Belfast fifth graders do real world science, for sake of salmon

Posted:  Saturday, November 4, 2017 - 9:00pm

Fifth graders from Captain Albert Stevens School, in Belfast, are working on a year-long project involving the release of salmon into the Wescott Stream through the Belfast Bay Watershed Coalition (BBWC) Salmon-in-Schools Program.

Students are focusing on the question: What is a viable community, and how do individuals fit in?

To do this, students are identifying local terrestrial and aquatic plant and animal species, as well as obtaining current water quality data to find out if the Wescott Stream is a viable place to release salmon fry.

In addition, students will compare the Ducktrap River, which has a native salmon population, to the Wescott Stream.

Students are trying to find benthic macroinvertebrates that are sensitive to decreased water quality (such as mayflies, stoneflies, and case-building caddisflies) since salmon need clean water for every stage of their life cycle (spending up to three years in freshwater before migrating to the ocean and returning to freshwater to spawn.)

Students just conducted their bioassessments for the fall at three different locations —  the Muck, the Ducktrap River, and Wescott Stream.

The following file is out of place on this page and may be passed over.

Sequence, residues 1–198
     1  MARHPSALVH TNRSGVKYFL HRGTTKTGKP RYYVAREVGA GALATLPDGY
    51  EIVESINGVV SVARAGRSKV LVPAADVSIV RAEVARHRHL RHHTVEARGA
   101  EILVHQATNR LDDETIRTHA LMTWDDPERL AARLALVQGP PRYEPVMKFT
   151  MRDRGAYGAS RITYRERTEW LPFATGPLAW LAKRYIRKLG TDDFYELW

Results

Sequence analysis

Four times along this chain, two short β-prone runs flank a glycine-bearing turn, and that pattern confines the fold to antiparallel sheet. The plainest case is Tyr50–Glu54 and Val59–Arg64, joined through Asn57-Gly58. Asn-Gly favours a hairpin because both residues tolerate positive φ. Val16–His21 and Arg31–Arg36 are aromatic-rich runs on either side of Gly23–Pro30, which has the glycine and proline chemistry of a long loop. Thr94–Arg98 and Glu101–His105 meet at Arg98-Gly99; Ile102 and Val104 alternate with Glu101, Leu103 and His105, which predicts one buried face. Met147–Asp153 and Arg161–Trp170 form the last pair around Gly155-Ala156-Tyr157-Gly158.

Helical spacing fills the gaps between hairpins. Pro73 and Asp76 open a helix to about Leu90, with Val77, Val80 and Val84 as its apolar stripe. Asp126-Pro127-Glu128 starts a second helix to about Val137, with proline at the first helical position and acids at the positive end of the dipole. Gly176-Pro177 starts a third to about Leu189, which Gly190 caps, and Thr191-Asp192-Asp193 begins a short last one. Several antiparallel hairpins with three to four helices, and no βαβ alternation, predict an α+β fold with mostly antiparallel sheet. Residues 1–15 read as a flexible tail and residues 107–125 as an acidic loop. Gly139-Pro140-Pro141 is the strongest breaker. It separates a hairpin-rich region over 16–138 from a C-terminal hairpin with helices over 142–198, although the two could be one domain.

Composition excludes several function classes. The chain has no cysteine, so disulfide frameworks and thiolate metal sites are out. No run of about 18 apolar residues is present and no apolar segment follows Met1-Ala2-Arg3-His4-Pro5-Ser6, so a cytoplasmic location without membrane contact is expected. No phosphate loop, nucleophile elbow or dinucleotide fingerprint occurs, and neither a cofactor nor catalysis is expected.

John Tipping from LOTIC, Inc., and who is a board member of BBWC, and Tanglewood Camp 4-H staff and other BBWC and parent volunteers assisted students with their data collection.

In addition, Christian Robinson of Dirigo Drone Services involved the students in aerial reconnaissance of the Wescott Stream for a mapping project.

His maps of the Ducktrap River from the Tanglewood 4-H camp to the ocean and the Wescott Stream salmon release site to the ocean will help students to identify species vectors and physical barriers for the movement of salmon up and down and stream.

Students will be completing the same bioassessments in the spring to track seasonal changes and to release their salmon fry. Students are now uploading their findings to the Gulf of Maine Research Institute (GMRI) Vital Signs website where they will collaboration with scientists and resource managers to answer research questions and utilize their data.